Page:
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How to stop AIDS in its tracks

I have worked in the country with the highest AIDS rate in the world (nearly 50%) – Swaziland. Our teams have been there off and on for the last three years. Here is a vision that the Lord gave me based on story telling. The biggest barrier to stopping the spread of AIDS is our inability to t…
By Seth Barnes
By Seth Barnes

I have worked in the country with the highest AIDS rate in the world (nearly 50%) – Swaziland. Our teams have been there off and on for the last three years. Here is a vision that the Lord gave me based on story telling.

The biggest barrier to stopping the spread of AIDS is our
inability to tell the truth. The people
of Swaziland
have been given lots of information about AIDS – what it is and how it
spreads.

AIDS spreads not simply because of promiscuity, but because of teachers sleeping with students in exchange for school fees, uncles raping their neices, and people in authority who do little to protect young people. And then nobody talks about it. The relatives who contract AIDS are pushed into the back rooms to die.

The problem is that there is a
disconnect between what people know they

should
do and what they are
actually
doing. The result is shame. A great monster has entered the Kingdom of Swaziland and is silently devouring
whole families, but no one has permission to talk about it! Shame is its greatest weapon.

When we were children, we loved hearing our parents tell
stories. We all love stories. But many of us never learn how to share our
story. Stories are what connect us. As we’re connected, we’re protected. This happens as we first connect with the truth,
the whole truth. And it happens as we
connect with one another. This
connection first shows us that shame has no power over us, and second it keeps
us on track with what we know we should do.

Secrets keep us from sharing our story. They lock away key facts. Instead, we leave out the most important
parts of our story – the painful, shameful parts. We share only what it is socially acceptable.

The truly courageous person will venture into the dark realm
of pain to unlock the doors that secrets have slammed shut. Swaziland has some amazing stories – Swazis just need to learn how to tell their story to one another.

We need a campaign that challenges a nation to courageously
tell their stories. If people can stop hiding behind their shame, then perhaps they can expose the secrets that have caused AIDS to gallop ahead at such an astounding rate.

I’ve been training a team this week to go over and help them do just that. The Lord showed me that rather than going with answers, the only thing the team brings to the table is their brokenness and their vulnerability. I’ll keep you updated about this dream of ours later.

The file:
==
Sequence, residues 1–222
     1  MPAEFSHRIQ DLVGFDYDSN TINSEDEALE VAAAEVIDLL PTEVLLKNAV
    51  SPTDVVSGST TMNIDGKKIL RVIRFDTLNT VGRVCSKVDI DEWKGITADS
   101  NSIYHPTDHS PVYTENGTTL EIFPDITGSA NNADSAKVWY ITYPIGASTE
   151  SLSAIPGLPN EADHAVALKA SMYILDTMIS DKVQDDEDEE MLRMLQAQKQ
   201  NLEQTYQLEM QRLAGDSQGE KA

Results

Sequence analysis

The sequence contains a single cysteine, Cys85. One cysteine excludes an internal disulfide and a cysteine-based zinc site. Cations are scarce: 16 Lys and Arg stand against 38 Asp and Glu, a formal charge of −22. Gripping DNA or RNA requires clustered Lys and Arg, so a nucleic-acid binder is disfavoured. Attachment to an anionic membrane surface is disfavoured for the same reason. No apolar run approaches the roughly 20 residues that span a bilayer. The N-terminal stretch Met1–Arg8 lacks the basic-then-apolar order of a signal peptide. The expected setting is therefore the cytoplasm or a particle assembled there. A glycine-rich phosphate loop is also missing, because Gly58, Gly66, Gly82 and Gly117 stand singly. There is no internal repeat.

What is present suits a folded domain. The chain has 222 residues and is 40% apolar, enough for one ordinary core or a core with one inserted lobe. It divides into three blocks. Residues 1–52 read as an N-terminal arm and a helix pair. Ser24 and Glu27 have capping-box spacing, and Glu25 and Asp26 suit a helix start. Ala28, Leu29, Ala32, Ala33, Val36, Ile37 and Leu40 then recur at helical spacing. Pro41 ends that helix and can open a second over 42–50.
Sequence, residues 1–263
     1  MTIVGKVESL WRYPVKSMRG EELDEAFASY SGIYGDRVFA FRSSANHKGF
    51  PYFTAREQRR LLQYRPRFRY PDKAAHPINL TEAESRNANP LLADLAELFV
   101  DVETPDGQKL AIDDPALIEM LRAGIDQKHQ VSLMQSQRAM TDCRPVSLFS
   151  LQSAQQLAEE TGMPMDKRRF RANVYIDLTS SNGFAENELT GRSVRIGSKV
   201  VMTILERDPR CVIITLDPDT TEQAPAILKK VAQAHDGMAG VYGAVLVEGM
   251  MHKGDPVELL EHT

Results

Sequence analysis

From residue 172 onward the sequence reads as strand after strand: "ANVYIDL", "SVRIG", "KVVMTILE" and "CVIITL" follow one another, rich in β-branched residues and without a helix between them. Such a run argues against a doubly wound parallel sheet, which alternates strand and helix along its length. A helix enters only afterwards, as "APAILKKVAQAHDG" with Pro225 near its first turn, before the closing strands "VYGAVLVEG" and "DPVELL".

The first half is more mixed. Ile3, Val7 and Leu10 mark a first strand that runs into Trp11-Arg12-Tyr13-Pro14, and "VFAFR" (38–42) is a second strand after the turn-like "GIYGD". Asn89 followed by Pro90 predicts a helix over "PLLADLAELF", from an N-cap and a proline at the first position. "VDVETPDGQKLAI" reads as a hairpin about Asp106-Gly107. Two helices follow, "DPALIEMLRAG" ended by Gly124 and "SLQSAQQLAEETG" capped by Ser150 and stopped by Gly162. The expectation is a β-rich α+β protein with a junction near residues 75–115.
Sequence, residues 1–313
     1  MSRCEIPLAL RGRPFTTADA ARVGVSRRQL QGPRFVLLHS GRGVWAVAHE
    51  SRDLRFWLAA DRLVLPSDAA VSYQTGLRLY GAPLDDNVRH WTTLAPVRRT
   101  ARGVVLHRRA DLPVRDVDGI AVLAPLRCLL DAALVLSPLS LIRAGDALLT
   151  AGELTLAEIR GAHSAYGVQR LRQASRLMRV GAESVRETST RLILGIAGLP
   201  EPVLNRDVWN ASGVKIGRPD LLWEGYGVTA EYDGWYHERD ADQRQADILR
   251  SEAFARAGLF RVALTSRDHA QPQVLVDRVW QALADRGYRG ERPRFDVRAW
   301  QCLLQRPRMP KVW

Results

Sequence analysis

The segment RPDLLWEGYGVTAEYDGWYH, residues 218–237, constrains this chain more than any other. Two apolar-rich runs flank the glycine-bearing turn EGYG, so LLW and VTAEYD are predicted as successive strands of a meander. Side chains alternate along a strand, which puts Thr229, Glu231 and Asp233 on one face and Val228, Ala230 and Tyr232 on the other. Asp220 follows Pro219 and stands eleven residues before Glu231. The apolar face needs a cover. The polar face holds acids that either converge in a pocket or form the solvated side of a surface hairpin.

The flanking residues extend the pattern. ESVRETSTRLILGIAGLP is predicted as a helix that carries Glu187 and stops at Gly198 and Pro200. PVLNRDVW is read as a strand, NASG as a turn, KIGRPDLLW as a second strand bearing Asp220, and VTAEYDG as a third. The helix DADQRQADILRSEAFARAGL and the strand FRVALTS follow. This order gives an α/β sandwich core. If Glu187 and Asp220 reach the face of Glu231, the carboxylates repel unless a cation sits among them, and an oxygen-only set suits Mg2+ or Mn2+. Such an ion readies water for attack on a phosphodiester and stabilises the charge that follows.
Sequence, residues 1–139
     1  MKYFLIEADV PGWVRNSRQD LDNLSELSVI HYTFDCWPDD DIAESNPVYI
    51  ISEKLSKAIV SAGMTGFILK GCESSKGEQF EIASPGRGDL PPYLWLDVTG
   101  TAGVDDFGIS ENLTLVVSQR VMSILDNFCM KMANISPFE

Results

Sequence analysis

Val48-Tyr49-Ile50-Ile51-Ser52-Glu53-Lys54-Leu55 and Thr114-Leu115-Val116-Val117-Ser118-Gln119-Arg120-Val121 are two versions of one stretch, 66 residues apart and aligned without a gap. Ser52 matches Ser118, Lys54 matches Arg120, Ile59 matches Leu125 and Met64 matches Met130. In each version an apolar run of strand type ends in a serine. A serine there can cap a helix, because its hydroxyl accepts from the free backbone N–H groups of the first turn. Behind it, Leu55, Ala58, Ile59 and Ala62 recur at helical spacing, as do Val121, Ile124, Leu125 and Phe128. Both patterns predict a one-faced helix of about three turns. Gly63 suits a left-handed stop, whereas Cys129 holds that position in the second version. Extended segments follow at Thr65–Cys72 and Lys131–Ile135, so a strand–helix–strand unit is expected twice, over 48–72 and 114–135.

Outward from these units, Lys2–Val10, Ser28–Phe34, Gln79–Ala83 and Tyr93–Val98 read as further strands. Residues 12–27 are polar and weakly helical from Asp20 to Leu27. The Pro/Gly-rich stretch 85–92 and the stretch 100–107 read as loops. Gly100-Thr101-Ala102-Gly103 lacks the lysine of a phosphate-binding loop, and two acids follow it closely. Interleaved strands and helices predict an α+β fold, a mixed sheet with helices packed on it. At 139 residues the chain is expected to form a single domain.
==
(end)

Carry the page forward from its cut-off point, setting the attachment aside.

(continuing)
8 Rules of story
telling

  1. Everyone
    has a story.
    It involves personal
    pain and God’s intervention.
  2. Everyone
    has secrets that keep the story from being told.
  3. Shame
    is the doorkeeper to the secret.
  4. We
    break the power of shame by telling the truth about our secrets.
  5. Only
    the whole truth has power.
    Write it
    down.
  6. Share
    only your story.
    Share it in the
    first person:
    “I.”
    Share how you felt.
  7. Time
    adds new pieces to your story.
  8. The
    proper response to a story is:

    “Thank you.”

Comments (3)

  • Though I agree that “shame” plays a role in the AIDS pandemic in Swaziland, i believe that socio-economic factors such as high unemployment, drought, misogynistic cultural traditions, poor education, weak infastructure and unfavorable geography maintain primacy in the realm of causal variables for hte pandemic.

  • All factors that produce shame and a fear of the truth. The point is that people are kept in bondage to lies and until the lies are exposed, the impact of all these underlying factors can’t be addressed.

  • I remember that guy

    I just wrote in my blog about the similiar topic. How people gradually turn into how they are labeled. People are treated a certain way, and eventually they are blocked into the label people give them. When we are born, we are given only a name, like Henry or something, period. No one names thier child with ( )’s after it, yet that is often what we do to people. I met many Swazi’s with the label of shame. It is perhaps not everybody in Swaziland, but that nation has been plagued with this labeling. Ours is perhaps a mission of giving them a Godly labeling, sons and daughters of love and truth.

Comments are closed.

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Seth Barnes

I'm motivated to join God in his global reclamation project. He's on the move, setting his sons and daughters free from their places of captivity. And he's partnering with those of us who have been freed to go and free others.



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